Thinking ahead: advice on beginning your future

    “College?” – It’s the perpetual question asked to high school seniors at this time of year throughout the country.

    Some students have been committed to their dream schools for months, some just committed yesterday and some are planning their productive gap years, but all know that this is the end of an era, and the beginning of the next.

    As the end of the school year approaches and decision day rolls around, many Palo Alto High School seniors are reflecting on their high school experiences. Here is some advice from those who know the most on how to get through it all: college counselors and teacher advisers.

    Graduation caps fly in front of the Tower building. Illustration: Timothy Liu.

    Graduation caps fly in front of the Tower building. Illustration: Timothy Liu.

    Classes: Finding the line between challenging and too much to handle.

    It is important to challenge yourself academically during high school, but challenge does not mean overload, according teacher adviser advisory presentations. Try to spread out taking difficult classes between your junior and senior years so neither has an excessive amount going on. 

    Most students don’t have private college counselors helping them choose classes, so feel free to ask older kids and teachers on campus — and especially your adviser in the College and Career Center — for advice when signing up for classes and getting to know which classes and teachers will be the best fit for you. Paly college counselor Sandra Cernobori says that underclassmen often come talk to her about class choices, and that taking the highest lane of classes will not determine your future success. She says that taking classes that require a lot of homework or are known for being difficult may be appropriate for some students, but not for others; find out what works for you.

    “People get into college with Algebra 2 as their senior math class,” Cernobori said. “Just because your friend is taking a lot of AP classes does not mean that that’s the right thing for you to do.”

    Take a chance and sign up for electives that you are interested in, even if they might not look as impressive on your transcript, Cernobori says. That’s probably the best reason to take a class — to learn about something you care about.

    College applications and decisions: Prepare for the worst, but hope for the best.

    If there’s anything that the Class of 2017 has learned, it’s this: apply to safety schools that you would actually want to go to, because you might actually end up going there. Sometimes admissions decisions don’t go your way, like many seniors faced this year (shoutout to the UC’s), so you may be left with very few choices on where to go to college. Cernobori says that making sure that schools that you are likely to be accepted to do not go straight to the back burner is vital, and that visiting them should be made a priority.

    “In our office, we’ve tried to shift the language from ‘safety’ to ‘likely’ to emphasize that the category is really about the admissions process as opposed to it being a back-up plan,” Cernobori said. “All of the schools on your list should be ones that you would be willing to go to, and should have things in common with other schools you apply to, and you have to do your research to vet that out.”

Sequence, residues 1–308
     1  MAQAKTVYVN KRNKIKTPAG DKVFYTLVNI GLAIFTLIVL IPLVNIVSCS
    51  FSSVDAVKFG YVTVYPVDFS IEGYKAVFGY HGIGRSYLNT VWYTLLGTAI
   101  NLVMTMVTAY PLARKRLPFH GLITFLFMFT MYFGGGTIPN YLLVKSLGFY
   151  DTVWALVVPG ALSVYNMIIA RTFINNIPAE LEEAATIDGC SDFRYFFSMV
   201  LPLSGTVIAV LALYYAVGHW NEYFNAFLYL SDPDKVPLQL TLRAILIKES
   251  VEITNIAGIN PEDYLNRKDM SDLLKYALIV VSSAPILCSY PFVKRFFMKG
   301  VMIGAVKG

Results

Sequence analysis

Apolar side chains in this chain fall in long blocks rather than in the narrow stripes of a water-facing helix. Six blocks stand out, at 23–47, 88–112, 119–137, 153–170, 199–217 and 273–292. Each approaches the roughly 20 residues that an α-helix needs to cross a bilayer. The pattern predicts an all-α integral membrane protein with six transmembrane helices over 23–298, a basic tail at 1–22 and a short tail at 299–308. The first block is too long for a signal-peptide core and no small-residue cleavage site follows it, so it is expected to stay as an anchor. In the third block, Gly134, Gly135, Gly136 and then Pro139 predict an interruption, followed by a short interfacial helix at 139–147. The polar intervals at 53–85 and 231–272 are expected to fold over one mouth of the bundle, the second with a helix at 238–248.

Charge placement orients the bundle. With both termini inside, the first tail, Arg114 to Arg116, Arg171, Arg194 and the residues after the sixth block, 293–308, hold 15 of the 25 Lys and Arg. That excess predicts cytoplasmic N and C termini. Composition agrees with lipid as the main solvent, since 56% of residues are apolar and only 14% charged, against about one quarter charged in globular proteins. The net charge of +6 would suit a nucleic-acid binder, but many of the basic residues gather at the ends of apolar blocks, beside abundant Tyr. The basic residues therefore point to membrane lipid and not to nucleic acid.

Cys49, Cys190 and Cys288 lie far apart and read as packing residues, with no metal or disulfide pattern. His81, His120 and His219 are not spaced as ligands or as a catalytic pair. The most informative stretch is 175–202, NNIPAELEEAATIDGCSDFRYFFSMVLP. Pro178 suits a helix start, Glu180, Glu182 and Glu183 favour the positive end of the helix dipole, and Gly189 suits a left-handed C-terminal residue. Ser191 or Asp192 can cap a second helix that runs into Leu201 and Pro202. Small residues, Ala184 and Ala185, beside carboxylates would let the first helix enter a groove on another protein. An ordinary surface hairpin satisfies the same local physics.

Starting to work on your college applications early on is a good idea, Cernobori says. The summer before senior year is a great time to start writing your common application and University of California essays, and will reduce stress during the school year. Make sure you know everything you need to apply and have everything squared away ahead of time so that any technical difficulties won’t affect your admissions. Following your Viking Guide is a great way to make sure that you’re organized and take care of everything.

    Cernobori echoed these sentiments.

    “Often, I tell students that if they have time, they should begin brainstorming during the summer,” Cernobori said. “I don’t care if they don’t write them, I just want you to think about it.”

    As the guide points out, planning your life after high school falls mostly on the student, but “there are many people and places at Paly to help you on your way.”

    When you start getting decision emails, prepare yourself. Getting rejection letters isn’t fun, but it is part of the process, and that’s okay. You are not alone in that, even if it may feel like you are. If you’re feeling down, get together with a group of friends, read a good book or eat some ice cream.

    Cernobori encourages students and parents alike to be cautious and nonjudgemental when approaching the subject of college.

    “People should be really sensitive to other’s feelings and I don’t think this should be a topic for conversation,” Cernobori said. “Students are under enough stress trying to do this reflection and the work of the applications without [other] students talking about their choices. I would extend that advice to parents a lot — I feel for kids when you run into someone at Safeway and the first thing that they ask you is ‘College?'”

    As the Paly College and Career Center advocates, community college is also another option that may be suitable to many students.

    Congratulations to the Class of 2017 for all of the things that you have accomplished and for everything that’s coming in the future. And to the Classes of 2018, 19, 20: make sure that you have fun while you’re here, because your teenage ignorance can only last so long. Enjoy it!

     

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